thing is very very fast in SML, and probably in my language as
well (I used Ocaml).  But even though I understand their position,
I disagree.  When writing a compiler I want to be able to do
AST surgery in-place.  I don't want there to be any question
about efficiency; in other words, if I'm thinking about putting
in a little AST optimization, I don't want there to be any
thought in there like "geez, I don't want to copy the whole AST
again, just to look for this one case."  And when you get to
the next step - turning trees into DAGs and doing lots of tree
transformations to improve your output code - the natural,
efficient way to do it is to scan the tree/dag and fix it up
as you go.  Yes, I know that the purely functional approach
would copy the whole tree for each such scan ... but I'm sorry,
that is just too kludgey for me.

Dwight



Mon, 30 Jul 2001 03:00:00 GMT  
 Updating AST's in a functional language (was: 8-queens contest)

Quote:



> >I have to parse source code written in a certain rather
> >unstructured language, and I want to fill several big AST's
> >(abstract syntax trees) with the information that the parser
> >reads. Thus, the AST's are updated in an order that is not
> >known beforehand, and with list-members of mixed type.

> I had to solve this exact problem for a client who needed a
> custom translator for his domain-specific language to C++.
> The data structure I ended up choosing was a tree that was
> formed by having a list of mutable structs, each element of
> which contained a list of children.  Then I destructively
> updated the structs when I needed to change the AST.  After
> implementing this solution, I posted my experience to this
> newsgroup, and was advised by certain SML/NJ advocates that
> I should have simply copied the AST in its entirety every time
> I wanted to add a node.  Their point was that this kind of
> thing is very very fast in SML, and probably in my language as
> well (I used Ocaml).  

You seem to be still missing the point.  The reason functional update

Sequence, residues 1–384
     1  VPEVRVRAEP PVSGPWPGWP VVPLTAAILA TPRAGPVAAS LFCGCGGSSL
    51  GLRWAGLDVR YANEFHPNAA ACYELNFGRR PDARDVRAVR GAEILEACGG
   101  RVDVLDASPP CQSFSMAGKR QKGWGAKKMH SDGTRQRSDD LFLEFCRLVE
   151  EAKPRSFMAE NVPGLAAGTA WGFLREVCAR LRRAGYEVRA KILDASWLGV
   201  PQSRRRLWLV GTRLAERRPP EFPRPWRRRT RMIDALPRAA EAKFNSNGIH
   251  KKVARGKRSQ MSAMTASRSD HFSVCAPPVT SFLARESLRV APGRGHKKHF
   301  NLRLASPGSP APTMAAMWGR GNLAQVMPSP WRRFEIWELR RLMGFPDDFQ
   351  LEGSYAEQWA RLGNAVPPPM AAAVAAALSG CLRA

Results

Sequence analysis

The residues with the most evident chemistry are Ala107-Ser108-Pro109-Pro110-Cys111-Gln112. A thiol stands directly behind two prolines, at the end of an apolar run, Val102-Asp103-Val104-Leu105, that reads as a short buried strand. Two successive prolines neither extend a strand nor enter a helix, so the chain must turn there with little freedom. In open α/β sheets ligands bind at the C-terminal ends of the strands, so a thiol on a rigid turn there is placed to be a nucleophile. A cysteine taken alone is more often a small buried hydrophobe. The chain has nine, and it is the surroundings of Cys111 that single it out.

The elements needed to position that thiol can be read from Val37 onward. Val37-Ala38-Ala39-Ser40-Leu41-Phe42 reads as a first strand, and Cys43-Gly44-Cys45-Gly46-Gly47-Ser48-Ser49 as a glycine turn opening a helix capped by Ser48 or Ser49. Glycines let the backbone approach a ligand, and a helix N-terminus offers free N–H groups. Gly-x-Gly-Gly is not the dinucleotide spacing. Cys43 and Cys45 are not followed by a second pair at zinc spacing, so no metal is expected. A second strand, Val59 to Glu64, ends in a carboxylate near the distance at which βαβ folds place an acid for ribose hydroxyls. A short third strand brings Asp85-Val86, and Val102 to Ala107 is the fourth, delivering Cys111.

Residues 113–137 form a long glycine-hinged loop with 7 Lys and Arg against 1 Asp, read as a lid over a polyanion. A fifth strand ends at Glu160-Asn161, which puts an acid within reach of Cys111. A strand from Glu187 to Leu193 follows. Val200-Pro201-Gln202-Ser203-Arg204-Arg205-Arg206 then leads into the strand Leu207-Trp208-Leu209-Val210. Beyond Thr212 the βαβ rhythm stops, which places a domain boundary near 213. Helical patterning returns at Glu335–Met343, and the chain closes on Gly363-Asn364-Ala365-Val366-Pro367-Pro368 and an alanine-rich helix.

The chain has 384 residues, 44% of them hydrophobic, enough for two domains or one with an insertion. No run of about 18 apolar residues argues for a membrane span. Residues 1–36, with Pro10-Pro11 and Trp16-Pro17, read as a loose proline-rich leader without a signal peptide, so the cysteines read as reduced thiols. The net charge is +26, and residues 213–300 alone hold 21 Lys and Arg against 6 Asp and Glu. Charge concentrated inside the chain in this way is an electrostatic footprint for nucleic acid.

can be fast is that if your tree doesn't contain any mutable elements,
then you don't need to actually copy the *whole* tree to get a logical
copy; you just need to copy at most O(log n) nodes of the tree.  In
addition, whatever data the nodes point to doesn't need to be copied,
even for the nodes that get copied; only the references to the data
get copied.  All this sharing is safe because none of the data is
mutable.

For example you said you've used O'Caml.  If you look in its standard
library you'll see that its Map and Set datatypes are functional;
adding a new element returns a new Map or Set containing the new
element.  If the whole Map, including the data, had to actually be
copied this would be horendous, but in reality it's quite efficient.

Before you write off this whole idea based on your current intuitions
about efficiency, try comparing O'Caml's Map datatype to your own
which destructively updates the map.  Compare your code on both
efficiency and clarity and see what you come up with.

Quote:
> But even though I understand their position, I disagree.  When
> writing a compiler I want to be able to do AST surgery in-place.  I
> don't want there to be any question about efficiency; in other
> words, if I'm thinking about putting in a little AST optimization, I
> don't want there to be any thought in there like "geez, I don't want